Down to Earth Thinking's picture

Yep ,agree on all points but no need to stock up on water? just make your own

shovelhead's picture

The bank people wouldn't be entirely wrong about real estate, the question would be in the timing. The time to buy is when the money flows out to better opportunities and prices drop to reflect a more realistic intrinsic value.

The alternate opportunities for prudent money don't exist today and with banks propping up prices by holding inventory, a case can be made that right now, real estate is not the best investment.

Gold, on the other hand, is at fire sale pricing and if you believe the current con game can't last forever, gold would the best way to back that bet.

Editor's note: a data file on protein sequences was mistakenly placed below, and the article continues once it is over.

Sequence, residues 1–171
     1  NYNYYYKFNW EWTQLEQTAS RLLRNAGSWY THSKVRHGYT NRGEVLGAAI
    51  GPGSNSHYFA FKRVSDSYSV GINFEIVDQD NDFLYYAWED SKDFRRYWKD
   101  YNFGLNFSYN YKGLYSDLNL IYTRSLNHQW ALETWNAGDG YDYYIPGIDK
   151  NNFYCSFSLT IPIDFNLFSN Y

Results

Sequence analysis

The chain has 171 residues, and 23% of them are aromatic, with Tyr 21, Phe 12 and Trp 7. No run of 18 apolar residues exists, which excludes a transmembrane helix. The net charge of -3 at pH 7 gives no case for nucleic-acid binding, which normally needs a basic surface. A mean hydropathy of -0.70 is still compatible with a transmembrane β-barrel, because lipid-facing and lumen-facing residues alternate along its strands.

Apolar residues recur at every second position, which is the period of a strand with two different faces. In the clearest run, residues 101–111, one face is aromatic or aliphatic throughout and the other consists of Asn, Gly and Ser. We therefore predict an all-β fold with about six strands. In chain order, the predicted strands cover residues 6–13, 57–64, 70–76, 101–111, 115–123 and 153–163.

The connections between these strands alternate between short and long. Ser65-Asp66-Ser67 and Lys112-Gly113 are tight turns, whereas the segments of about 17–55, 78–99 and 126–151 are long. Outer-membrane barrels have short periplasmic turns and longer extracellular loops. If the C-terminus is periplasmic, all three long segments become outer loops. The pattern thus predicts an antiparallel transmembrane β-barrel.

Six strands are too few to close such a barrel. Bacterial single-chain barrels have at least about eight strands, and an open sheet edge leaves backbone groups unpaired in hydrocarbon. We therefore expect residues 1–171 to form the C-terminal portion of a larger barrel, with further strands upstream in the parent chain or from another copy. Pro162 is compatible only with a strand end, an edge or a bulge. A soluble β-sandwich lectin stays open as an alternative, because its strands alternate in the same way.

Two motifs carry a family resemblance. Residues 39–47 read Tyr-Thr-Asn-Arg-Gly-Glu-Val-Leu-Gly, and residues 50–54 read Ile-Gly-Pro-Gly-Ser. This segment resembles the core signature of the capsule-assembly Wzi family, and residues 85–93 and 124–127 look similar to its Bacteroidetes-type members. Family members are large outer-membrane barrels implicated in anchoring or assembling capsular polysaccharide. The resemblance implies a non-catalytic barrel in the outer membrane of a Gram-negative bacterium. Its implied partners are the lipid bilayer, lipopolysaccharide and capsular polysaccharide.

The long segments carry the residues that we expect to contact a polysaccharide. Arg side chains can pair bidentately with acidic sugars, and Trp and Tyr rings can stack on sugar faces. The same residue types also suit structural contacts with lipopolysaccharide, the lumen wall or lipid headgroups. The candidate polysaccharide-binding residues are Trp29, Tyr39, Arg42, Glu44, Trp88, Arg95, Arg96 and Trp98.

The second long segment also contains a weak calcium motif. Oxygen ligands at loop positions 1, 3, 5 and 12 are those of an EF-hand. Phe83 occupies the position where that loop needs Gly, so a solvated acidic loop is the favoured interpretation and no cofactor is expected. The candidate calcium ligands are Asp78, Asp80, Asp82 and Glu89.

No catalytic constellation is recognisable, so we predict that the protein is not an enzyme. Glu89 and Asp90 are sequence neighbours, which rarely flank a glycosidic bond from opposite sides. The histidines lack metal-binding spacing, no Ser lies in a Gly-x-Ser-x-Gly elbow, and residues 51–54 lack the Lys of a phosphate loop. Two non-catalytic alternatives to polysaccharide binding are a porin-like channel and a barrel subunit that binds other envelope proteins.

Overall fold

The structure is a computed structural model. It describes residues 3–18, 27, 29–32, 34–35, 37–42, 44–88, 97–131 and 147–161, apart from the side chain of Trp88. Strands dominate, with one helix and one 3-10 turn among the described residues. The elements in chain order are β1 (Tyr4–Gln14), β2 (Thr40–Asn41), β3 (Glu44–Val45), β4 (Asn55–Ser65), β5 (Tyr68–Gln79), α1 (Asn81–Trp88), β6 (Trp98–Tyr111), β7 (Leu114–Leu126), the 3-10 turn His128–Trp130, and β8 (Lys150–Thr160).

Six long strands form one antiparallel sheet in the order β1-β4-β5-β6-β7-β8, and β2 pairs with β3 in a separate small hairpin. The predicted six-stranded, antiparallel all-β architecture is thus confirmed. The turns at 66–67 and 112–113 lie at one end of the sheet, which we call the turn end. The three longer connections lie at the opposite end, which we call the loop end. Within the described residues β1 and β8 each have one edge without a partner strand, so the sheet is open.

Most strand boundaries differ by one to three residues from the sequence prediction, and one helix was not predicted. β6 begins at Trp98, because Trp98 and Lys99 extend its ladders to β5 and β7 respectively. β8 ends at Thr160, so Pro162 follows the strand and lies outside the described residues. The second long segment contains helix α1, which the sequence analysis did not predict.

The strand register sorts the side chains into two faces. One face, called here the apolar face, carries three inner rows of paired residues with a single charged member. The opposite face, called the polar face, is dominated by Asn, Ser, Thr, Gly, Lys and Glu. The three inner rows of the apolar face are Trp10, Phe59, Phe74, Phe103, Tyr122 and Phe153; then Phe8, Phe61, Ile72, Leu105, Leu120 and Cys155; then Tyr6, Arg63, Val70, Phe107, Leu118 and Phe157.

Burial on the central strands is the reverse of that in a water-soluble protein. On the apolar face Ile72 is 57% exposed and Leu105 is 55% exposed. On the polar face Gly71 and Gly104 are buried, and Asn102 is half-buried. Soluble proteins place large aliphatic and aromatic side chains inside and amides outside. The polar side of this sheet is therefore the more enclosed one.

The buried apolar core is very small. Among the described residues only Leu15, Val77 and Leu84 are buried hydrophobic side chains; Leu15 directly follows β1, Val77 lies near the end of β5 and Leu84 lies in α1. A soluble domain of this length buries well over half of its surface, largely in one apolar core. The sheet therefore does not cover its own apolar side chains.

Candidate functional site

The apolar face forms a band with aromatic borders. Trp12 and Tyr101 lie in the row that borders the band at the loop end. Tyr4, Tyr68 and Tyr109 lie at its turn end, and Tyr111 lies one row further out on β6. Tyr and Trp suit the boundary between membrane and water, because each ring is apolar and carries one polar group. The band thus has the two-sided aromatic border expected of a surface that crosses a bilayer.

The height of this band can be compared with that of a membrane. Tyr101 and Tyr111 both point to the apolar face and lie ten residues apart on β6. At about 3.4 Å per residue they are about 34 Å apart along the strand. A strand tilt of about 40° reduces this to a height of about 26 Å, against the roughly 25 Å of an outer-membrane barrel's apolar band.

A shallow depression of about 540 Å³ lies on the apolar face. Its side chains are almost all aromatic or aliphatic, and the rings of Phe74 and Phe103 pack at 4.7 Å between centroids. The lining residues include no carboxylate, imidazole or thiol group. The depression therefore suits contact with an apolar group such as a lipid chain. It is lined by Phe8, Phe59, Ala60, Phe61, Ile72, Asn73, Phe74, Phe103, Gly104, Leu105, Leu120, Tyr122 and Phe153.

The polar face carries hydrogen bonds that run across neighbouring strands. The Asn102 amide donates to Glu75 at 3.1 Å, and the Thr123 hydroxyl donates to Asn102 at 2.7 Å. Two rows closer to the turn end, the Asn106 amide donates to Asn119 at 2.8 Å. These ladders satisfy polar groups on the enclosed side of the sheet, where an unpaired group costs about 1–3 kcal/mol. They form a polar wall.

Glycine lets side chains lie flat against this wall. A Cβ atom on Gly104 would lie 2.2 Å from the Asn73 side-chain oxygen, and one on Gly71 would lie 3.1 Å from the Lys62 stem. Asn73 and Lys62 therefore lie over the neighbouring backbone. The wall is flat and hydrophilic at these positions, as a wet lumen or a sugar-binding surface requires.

I hold both. My timing could have been better but it was a long way from being the worst. The main thing is having what you need when you need it.

Alea Iactaest's picture

@ mickeyman

You said, "The biggest of the recent changes in gold (in non-US currencies) can really be viewed as an increase in US dollar more than an increase in the US dollar price of gold."

POG at am London fix, on 2/1/15, was $1,184.25 USD. Today the pm fix was $1,294.74 USD. This is a change of +9.33% in three weeks. While the USD has certainly gained against other currencies, this is an annual change of more than +120%.

Clearly the POG has increased in USD terms, and you do a disservice by suggesting this is a non-USD phenomenon.

mickeyman's picture

It depends somewhat on your timeframe. On August 15, pog was $1296 US, and USD was at 81.424. Earlier today USD was at 94.994, and gold was $1294.75 

The most recent fireworks have had gold and USD rising together over the last four weeks, but the fireworks were really beginning before that.